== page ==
[Translated freely from the German published in springerin Nov 2017]
"All Power does not proceed from the end of a gun." (*)
ZKM as a digital ark
By Gislind Nabakowski
"Portable Video. A Radical Software-State-of-the-Art Report"
From: Radical Software, Vol.1, Nr. 3, Detail
© Raindance, ZKM 2017
The first text about video art was written in 1969 for the
TV columns of TIME Magazine by Michael Shamberg before
he co-founded the "Radical Software" journal. Nam June Paik was not the only one in 1967 who used the Sony mobile Portapak video camera. As a decentralised, multi-purpose technology, it allowed a variety of independent uses. In the New York micro-environment it percolated. Video artists, studying at universities, heard lectures by Marshall McLuhan and Buckminster Fuller. The anthropologist Gregory Bateson declared in 1974 in a video-recorded lecture: "Small geckos, moths, frogs and Humans are all part of natural history." For him sciences contain errors. His warning to the youth: "You can be wrong as culture and as individual." This new order of things was also a revolution at the same time.
As a film and TV producer Shamberg realised, later, 40 "Topvalues", including "A fish called Wanda", and received a total of 32 Oscar nominations. His book "Guerilla Television" (1971) appeared in the series of the magazine "Radical Software" (1969-74), whose publisher he was temporarily. The first issue (2,000 copies) came from, what the artists Beryl Korot and Phyllis Gershuny, originally called the "Video Newsletter". The last and eleventh issue was dedicated to the topic, "Video & Kids". More specifically, it was about video, cybernetics, social activism, counterculture and art. Through the initiative of Davidson Gigliotti and with the support of the Daniel Langlois Foundation [and the help of Ira Schneider], Radical Software was made available online in 2003, parts of which can be found in German translation on the ZKM website.
The exhibition Radical Software, Raindance Foundation, Media Ecology and Video Art as presented at the ZKM is full of hilarity, freedom, knowledge, inserts, picture distortions, fooling around and time delays. Their individual objects, which were created in "fossil software" (Otto Piene), contain 19 videos, five installations and all issues and books of the journal, as well as videos by 25 artists, which Ira Schneider and Russ Johnson curated between 1982 & 1993 for the [Raindance] Manhattan cable program "Night Light TV".
Two large US archives were mixed in the ZKM exhibition: the Raindance archive and the archive of, the since 1993 Berlin resident, Ira Schneider, (bitter enough that the archives could not find a home in the USA).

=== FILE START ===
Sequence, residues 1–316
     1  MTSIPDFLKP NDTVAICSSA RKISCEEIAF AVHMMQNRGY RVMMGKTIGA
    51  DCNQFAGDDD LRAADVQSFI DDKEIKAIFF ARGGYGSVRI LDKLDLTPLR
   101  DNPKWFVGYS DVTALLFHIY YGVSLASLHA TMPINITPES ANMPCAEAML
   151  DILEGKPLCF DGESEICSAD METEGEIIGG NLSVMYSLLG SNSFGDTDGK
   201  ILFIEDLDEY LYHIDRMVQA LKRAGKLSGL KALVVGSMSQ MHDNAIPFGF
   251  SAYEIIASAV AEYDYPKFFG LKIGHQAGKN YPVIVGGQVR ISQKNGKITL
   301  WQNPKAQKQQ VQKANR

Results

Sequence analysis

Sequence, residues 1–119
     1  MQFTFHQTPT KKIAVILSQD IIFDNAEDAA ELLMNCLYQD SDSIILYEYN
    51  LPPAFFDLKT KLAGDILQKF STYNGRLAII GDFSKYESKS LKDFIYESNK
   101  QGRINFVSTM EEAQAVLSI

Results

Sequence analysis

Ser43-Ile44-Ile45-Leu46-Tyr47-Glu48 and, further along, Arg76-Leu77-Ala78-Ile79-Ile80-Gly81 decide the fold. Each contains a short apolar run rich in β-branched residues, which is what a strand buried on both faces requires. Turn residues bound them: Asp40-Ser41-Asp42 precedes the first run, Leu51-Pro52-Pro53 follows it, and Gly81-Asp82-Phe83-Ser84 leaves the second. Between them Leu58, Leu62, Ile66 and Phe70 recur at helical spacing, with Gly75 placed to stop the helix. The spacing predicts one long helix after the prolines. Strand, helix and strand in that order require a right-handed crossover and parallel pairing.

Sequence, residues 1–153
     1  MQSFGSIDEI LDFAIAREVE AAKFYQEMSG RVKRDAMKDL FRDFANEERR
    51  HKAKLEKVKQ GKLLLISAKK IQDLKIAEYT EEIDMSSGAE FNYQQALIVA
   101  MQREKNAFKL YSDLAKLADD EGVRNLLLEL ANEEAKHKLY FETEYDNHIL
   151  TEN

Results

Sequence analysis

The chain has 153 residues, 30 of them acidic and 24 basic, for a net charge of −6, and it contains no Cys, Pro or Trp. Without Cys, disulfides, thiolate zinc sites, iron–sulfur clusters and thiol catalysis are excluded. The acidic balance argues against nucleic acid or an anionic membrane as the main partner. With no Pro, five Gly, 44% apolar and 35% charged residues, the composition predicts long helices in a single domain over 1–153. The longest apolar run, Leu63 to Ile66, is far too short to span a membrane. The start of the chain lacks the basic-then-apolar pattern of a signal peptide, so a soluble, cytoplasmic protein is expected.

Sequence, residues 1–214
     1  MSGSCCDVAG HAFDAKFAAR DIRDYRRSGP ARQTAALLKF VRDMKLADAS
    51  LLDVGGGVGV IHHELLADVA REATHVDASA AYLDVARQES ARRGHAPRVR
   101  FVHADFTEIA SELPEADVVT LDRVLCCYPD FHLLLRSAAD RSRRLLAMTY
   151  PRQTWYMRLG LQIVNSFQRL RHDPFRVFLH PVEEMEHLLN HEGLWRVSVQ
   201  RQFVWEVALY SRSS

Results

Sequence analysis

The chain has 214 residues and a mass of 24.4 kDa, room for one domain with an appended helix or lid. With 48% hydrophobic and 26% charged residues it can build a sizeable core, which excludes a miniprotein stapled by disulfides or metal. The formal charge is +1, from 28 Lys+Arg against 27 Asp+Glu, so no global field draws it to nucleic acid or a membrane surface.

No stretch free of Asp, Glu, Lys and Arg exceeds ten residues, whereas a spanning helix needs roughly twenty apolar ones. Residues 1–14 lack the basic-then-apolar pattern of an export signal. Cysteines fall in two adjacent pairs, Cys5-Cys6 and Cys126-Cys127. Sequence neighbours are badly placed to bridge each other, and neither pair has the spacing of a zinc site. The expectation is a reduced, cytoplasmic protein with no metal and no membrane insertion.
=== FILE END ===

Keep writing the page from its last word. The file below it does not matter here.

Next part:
A mural in which Michael Shamberg, once in street clothes, and again naked with a Portapak on his shoulder, shows him as a relaxed producer and as the emblem for the show.
Since Dorcas Müller heads the laboratory of historic video systems at the ZKM, this wealth can be exhibited through the digital, restoration [*restoration was made by Schneider and Wick] of salvaged materials from the pioneering era. The leading idea is a complex two-stage plan: first show restored works of art to the public, in order, then, to allow research on forgotten or blind spots in history. By considering which contagious knowledge is encoded in the arts, questions are made about what knowledge is applicable today to their decipherment.
Every year, the industry replaces last year's products with new ones, making the old ones fragmented and obsolete. In order to avoid dangerous reductionism, it is time to explore the processes, contents, forms and groupings of that time and to formulate the intentions of why art emerges: What can be seen? Technologies contain experiences, problems, questions and answers. This also hides intentions. Anyone who remembers with passion knows that perceptions (Aisthesis), desired goals and utopias are often stored as small impulses.
We never hear the same thing in the arts as in politics or the media. Their contents are often pure evidences. The ZKM exhibition contains many mysteries, politics, sufferings, experiences, poetry, memories and dreams. But how and with which terms are they (still) tangible or (re-) updatable? When I saw Ira Schneider's heavily faded video "The Woodstock Festival" (1969/2013), Georges Didi-Huberman's words from Les Inrocks (12.2.2014) came to my mind: "Watching is not competence, but an experience. We do not only experience art with our eyes, but also with our forehead, our mouth, our hands."
Schneider's movie is not a music video. Recording performances was not permitted. At the camping by the lake, small scenes testify. Standing in the lake a young woman is shaving her boyfriend. A little hug, a kiss, touches, she throws her head back and laughs. A foam blob shines. The shave continues. Couples are swimming in the lake. They are all naked. Like hallucinations, the following collective images look like those of the past. Naked dancing.
Last zooms on tight, heterosexual, white hugs. A nucleus. Peaceful. But an affront to America's campaigns, Puritanism and double standards. But it is remote from Stanley Kubrick's "Eyes Wide Shut" (1999), which was inspired by Arthur Schnitzler's Traumnovelle (1925-26) on sexualised phantasies and domination in capitalism. In the video no trace of the turmoil of a new fin de siècle (end of the century).
But more important is that the audience in several video installations are exhibited, as well in Frank Gillette's / Ira Schneider's installation Wipe Cycle (9 monitors, 1969/2017): "Mixing the audience into the art work." Time delayed. Especially in the face of live cameras monitoring us, we, as active participants, are called upon to express our attention clearly.
(*) The title-giving quote of this text is taken from the article
"Cybernetic Guerrilla Warfare" by Paul Ryan, Radical
Software, Vol.1, No.3.